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Submission + - VLC running Kickstarter campaign to fund native Windows 8 app (

aaron44126 writes: Some VLC developers have launched a Kickstarter campaign to fund the development of a native port of VLC as a Windows 8 app. The goal is to create an app with a UI that fits into the rest of the Windows 8 ecosystem that supports the playback of all of the types of files that VLC already supports. Playback of optical media (DVD/VCD/BD) is also on the list. They hope to use as much existing code as possible while doing whatever necessary to get VLC running in the "metro" environment and meet Microsoft's requirements for distribution through the Windows Store. Porting to ARM so that it can run on Windows RT devices will happen after the Windows 8 app is complete. The campaign has actually been going on for almost two weeks but they published their first update today, in which they announced their intent to produce a Windows Phone 8 port as well.

Comment Re:who cares? (Score 2) 266

We've all moved to LibreOffice, but I still know a number of people who use or are interested in using OpenOffice, just because that name has been around long enough. If you don't follow sites like this, you might not know that LibreOffice exists. When I mention that they should look at LibreOffice instead, they say "Huh?"

OpenOffice development was somewhat stalled for a while after the LibreOffice fork happened. If development is going to continue, I hope they pick up the improvements from LibreOffice so that everyone can benefit.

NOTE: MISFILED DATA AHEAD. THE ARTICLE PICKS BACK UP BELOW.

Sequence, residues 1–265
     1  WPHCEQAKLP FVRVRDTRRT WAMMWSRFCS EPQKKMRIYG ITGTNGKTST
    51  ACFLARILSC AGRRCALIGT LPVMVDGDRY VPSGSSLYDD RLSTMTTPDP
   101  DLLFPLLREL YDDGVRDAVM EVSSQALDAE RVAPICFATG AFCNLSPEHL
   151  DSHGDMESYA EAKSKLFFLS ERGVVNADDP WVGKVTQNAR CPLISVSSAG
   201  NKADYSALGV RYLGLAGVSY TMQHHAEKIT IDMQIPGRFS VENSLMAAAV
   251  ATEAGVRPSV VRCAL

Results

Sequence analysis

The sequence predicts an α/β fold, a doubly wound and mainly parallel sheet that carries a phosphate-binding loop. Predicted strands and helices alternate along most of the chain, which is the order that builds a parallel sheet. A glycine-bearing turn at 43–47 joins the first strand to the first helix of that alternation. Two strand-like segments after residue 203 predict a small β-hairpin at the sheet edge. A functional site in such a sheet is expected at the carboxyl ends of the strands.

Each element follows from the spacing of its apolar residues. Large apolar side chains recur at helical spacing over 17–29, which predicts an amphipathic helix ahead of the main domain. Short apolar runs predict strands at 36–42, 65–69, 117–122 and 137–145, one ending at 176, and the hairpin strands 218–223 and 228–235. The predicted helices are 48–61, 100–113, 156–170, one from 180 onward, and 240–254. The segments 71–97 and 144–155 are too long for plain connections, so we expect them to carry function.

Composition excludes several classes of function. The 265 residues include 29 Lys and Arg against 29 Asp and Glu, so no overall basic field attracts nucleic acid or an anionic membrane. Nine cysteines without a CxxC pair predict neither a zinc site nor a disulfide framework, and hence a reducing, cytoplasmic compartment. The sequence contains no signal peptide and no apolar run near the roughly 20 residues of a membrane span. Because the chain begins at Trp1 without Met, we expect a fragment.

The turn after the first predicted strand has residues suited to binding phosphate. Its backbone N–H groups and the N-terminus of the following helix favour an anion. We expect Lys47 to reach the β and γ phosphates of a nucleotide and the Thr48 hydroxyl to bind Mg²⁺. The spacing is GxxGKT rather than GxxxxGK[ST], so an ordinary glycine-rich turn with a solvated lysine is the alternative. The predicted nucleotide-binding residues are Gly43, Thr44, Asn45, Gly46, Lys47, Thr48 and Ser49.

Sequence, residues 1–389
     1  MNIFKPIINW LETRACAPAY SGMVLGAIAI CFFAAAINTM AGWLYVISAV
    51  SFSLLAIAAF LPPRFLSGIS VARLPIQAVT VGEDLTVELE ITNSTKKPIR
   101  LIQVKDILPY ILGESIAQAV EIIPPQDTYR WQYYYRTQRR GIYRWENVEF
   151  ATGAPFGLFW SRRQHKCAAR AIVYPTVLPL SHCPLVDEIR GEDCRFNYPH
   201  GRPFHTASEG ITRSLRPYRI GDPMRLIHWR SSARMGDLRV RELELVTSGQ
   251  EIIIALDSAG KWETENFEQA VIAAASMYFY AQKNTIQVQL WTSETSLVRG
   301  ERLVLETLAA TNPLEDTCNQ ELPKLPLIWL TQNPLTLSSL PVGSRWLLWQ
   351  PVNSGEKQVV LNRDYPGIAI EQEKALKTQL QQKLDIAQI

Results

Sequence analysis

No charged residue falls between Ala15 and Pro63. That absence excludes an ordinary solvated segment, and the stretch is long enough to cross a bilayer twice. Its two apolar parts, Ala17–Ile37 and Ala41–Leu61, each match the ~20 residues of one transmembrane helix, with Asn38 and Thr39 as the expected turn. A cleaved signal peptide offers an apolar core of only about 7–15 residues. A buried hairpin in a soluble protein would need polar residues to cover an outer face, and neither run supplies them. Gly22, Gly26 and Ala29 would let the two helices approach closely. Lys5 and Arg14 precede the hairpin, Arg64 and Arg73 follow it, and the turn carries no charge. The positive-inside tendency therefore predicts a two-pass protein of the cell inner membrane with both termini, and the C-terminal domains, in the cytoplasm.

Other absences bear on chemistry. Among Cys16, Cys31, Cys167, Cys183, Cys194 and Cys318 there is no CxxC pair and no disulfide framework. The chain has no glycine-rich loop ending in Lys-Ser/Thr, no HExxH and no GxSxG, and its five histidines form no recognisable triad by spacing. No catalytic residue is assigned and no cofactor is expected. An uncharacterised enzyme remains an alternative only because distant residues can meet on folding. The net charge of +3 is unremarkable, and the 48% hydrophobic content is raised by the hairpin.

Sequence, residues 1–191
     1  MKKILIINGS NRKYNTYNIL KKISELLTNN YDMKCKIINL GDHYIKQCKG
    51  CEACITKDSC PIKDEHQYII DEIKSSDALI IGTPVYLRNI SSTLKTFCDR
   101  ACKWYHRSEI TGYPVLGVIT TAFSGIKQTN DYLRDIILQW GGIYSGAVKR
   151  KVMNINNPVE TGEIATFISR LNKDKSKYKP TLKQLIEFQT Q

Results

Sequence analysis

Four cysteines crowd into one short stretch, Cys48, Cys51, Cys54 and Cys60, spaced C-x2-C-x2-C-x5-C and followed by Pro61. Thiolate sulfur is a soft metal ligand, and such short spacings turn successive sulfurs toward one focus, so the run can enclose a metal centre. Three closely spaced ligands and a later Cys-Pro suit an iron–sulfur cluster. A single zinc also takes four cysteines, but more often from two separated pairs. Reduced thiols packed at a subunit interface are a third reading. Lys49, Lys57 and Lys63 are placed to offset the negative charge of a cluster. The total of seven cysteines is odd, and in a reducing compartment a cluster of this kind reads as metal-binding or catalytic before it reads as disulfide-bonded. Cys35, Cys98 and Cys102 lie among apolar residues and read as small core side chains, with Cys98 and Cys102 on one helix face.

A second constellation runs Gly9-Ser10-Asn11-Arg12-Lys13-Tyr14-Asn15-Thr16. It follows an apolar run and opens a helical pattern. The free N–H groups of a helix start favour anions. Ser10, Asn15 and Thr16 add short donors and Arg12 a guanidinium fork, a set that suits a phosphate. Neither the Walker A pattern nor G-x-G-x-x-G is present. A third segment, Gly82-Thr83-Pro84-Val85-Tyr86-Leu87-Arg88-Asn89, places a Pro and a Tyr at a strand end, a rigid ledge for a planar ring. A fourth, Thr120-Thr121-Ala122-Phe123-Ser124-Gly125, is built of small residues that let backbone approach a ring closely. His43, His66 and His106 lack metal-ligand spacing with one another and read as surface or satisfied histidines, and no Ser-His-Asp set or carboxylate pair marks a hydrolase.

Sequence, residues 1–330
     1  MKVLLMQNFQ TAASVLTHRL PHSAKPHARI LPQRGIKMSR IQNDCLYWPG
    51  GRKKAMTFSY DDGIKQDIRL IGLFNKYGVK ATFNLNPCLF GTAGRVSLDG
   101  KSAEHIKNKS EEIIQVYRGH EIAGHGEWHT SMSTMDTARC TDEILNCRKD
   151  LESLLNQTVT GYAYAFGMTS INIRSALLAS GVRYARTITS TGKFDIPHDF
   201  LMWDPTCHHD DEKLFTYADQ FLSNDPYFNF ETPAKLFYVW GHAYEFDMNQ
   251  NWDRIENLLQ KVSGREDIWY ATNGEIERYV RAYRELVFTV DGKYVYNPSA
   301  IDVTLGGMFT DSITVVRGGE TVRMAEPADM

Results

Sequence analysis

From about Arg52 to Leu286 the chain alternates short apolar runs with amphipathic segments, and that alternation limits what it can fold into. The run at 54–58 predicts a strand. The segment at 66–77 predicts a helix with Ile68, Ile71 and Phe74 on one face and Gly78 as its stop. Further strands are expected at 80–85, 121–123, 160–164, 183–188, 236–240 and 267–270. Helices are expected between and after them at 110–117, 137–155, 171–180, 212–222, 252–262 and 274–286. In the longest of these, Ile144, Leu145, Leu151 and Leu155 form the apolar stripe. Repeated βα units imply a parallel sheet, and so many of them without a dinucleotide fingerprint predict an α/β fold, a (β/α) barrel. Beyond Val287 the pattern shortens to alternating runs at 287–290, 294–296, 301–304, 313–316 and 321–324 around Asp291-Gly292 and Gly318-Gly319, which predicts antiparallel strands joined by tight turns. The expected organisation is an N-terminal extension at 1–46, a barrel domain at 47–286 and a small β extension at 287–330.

Comment Google Apps (Score 1) 204

I see that you mentioned Google Docs, but have you looked at Google Apps for Business (runs on a domain of your choice)? There's a free version for up to 10 accounts. Otherwise, I think it is $50 per user per year.

It supports calendar sharing and company-wide contact sharing (from the web UI anyway). Though I think that the global contact list might be missing from the free version.

Comment What about SSL traffic? (Score 1) 338

This is for a home / family network?

Has Facebook turned on SSL by default yet? I know that Twitter has, and Facebook has the option, not sure if they've thrown it on by default yet?

In any case, if they haven't, I imagine that it is coming, and then sniffing out contents of messages will not be so simple. You'd have to install a man-in-the-middle service with a fake SSL certificate and install said fake certificate as trusted on all of the client machines. (Good luck doing that on the iPhone.) And that's just to be able to see them in clear text. If you're trying to scrape them out, you're going to be constantly fighting with Facebook every time they change up their interface. Are you going to be tasked with updating this every time a new social service or game comes along?

It seems like the better approach may be to just have them learn some basic Internet safety.

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